Her daughter didn’t get it when it came to her mom’s love of baseball. In fact, it was completely lost on her. She tried to engage with her mom on the game, but often it was her doing the apologies for drifting in the conversation. Her daughter understood that her grandfather loved the game as well, but she really didn’t get the connection that is made between the generations. She often thought to herself that the game was one Lazarus away from being a full-blown religion (if she only knew).

Her son, Brian, was a much different story with the same end result. He hated her beloved game and all attempts by her to discuss it with him. It started while he was in high school, and she gave up the effort by the time he was a junior. She had her suspicions as to why he hated the game. He was young when the fire happened, but not young enough to fail to understand that a life was lost. In the days and weeks that followed the fire, they were all hounded by the media and knew exactly who the man was that saved his life. She felt that it was a short leap from there to connect death with baseball, so she would leave him alone, but longed for that connection with her children.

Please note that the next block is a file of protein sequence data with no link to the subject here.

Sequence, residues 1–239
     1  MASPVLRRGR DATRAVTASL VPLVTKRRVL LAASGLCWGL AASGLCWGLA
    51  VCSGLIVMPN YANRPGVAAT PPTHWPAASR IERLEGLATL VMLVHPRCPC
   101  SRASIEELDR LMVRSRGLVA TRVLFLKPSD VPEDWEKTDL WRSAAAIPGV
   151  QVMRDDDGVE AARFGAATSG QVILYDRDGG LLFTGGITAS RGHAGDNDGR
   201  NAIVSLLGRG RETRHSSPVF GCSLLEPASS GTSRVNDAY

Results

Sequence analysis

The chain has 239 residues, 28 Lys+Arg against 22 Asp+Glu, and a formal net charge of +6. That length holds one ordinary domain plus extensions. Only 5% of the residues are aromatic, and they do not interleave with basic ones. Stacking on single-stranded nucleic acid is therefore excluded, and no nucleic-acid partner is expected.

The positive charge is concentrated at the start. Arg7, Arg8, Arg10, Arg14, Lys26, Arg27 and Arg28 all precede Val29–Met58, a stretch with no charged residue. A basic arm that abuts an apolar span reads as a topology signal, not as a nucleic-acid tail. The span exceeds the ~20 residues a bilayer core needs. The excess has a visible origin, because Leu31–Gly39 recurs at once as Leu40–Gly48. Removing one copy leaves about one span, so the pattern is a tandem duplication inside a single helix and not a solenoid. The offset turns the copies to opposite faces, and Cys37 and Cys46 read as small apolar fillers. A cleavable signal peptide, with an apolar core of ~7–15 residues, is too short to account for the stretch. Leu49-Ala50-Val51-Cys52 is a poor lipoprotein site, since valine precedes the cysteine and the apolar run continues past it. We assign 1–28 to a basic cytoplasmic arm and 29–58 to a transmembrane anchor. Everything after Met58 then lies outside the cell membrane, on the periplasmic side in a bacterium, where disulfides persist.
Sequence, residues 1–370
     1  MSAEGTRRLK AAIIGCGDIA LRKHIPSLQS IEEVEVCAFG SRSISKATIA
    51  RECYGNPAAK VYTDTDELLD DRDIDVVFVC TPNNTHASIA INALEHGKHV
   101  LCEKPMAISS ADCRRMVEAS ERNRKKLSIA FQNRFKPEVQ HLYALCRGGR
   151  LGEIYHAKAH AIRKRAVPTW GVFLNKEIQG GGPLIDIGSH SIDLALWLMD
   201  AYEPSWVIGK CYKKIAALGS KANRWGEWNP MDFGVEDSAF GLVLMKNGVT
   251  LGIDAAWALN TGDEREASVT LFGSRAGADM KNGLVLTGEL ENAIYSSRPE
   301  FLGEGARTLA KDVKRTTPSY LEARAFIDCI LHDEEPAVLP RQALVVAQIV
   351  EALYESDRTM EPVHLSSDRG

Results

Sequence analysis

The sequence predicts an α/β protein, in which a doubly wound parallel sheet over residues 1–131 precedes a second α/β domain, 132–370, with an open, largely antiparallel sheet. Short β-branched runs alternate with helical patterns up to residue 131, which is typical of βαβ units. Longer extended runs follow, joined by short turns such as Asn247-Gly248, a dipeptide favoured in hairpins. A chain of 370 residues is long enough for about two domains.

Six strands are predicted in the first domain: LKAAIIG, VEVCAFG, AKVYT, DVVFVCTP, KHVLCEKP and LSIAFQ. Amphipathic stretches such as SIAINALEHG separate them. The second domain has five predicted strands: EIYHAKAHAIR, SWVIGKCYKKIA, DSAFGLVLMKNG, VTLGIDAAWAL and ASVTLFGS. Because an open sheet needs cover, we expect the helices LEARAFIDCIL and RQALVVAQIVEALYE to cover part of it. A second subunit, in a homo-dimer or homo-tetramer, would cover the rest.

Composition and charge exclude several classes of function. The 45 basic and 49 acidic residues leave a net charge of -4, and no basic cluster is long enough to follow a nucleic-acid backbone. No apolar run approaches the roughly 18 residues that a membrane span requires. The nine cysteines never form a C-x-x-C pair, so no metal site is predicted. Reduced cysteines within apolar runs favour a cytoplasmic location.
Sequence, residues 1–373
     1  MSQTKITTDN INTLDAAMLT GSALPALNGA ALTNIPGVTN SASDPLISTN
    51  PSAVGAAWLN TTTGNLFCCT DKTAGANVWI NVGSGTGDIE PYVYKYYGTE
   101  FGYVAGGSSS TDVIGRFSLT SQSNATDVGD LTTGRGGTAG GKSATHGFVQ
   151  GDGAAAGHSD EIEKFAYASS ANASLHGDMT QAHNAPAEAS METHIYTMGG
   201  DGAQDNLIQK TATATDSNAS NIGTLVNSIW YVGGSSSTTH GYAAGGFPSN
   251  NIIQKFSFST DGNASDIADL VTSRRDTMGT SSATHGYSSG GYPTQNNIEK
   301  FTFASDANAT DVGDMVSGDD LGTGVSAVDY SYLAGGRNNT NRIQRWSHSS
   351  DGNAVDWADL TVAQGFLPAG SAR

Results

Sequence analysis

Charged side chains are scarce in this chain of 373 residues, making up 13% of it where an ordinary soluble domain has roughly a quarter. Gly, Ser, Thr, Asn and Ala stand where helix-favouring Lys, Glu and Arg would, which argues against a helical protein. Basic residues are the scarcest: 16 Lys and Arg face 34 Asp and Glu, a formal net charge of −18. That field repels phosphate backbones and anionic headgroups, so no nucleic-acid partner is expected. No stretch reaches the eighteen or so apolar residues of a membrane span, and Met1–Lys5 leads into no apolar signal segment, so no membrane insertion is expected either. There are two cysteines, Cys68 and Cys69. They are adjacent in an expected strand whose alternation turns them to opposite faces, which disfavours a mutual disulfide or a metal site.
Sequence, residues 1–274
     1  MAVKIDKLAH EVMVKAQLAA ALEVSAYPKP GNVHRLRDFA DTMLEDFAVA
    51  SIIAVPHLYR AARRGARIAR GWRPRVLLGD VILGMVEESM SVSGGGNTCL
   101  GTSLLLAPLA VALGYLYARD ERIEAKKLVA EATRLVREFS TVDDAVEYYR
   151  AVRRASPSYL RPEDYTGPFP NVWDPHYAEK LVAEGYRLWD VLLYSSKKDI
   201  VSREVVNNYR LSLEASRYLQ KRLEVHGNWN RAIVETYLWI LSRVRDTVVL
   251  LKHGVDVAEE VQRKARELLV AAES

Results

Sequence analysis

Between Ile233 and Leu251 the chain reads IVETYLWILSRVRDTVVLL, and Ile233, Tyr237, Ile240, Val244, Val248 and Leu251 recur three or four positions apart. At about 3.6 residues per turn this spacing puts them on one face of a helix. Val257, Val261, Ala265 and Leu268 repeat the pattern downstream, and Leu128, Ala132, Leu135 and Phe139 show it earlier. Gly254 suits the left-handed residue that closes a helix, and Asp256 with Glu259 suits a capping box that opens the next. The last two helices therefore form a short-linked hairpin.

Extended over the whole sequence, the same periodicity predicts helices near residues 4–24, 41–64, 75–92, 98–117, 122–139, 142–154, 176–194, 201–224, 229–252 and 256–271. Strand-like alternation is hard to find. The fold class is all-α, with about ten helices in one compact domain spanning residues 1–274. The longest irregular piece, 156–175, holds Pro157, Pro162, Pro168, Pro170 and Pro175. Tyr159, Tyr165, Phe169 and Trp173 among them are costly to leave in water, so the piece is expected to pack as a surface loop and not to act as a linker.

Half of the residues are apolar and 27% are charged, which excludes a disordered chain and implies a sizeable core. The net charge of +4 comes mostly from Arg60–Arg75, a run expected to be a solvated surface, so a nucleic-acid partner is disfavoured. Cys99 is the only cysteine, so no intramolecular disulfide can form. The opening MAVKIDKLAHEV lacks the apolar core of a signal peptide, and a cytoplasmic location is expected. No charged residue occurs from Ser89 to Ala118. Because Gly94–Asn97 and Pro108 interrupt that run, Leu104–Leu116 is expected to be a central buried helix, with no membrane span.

She felt the sun coming through the window, warming her face, and she shook the thoughts out of her head. Today wasn’t the day to contemplate such things. Abigail smiled and took in another moment or two of the sun with a smile on her face before climbing out of bed and heading down the stairs.

She stepped outside for a moment to grab the newspaper and had to pull her robe a little tighter against the chill in the air. The air had a sweet smell to it; she was certain she could smell the melting snow. It felt crisp and clean, almost as if it had been scrubbed. The sun was still taking its time in rising and was still partially obscured by the trees, bathing the street in a mix of light and shadow. It all gave her great joy. It wasn’t until her neighbor yelled “Good morning” to her as he got into his car to go to work that she realized that she was still standing in full public view in her robe and nightgown.

Grabbing a cup of coffee and the newspaper, she sat down at the kitchen table, which years ago she had set in the spot that gets the most sunlight in the morning. She went straight to the special baseball preview section and immersed herself in the projects and side stories and writing filled with the type of hope and fluff that you only see twice a year, the other being Christmas. She understood that it was more filler than fact, more hype than hope, more romance than reality, but she didn’t care. She drank it up like it was the very water necessary for life. She smiled to herself through the whole reading as her heart raced with excitement.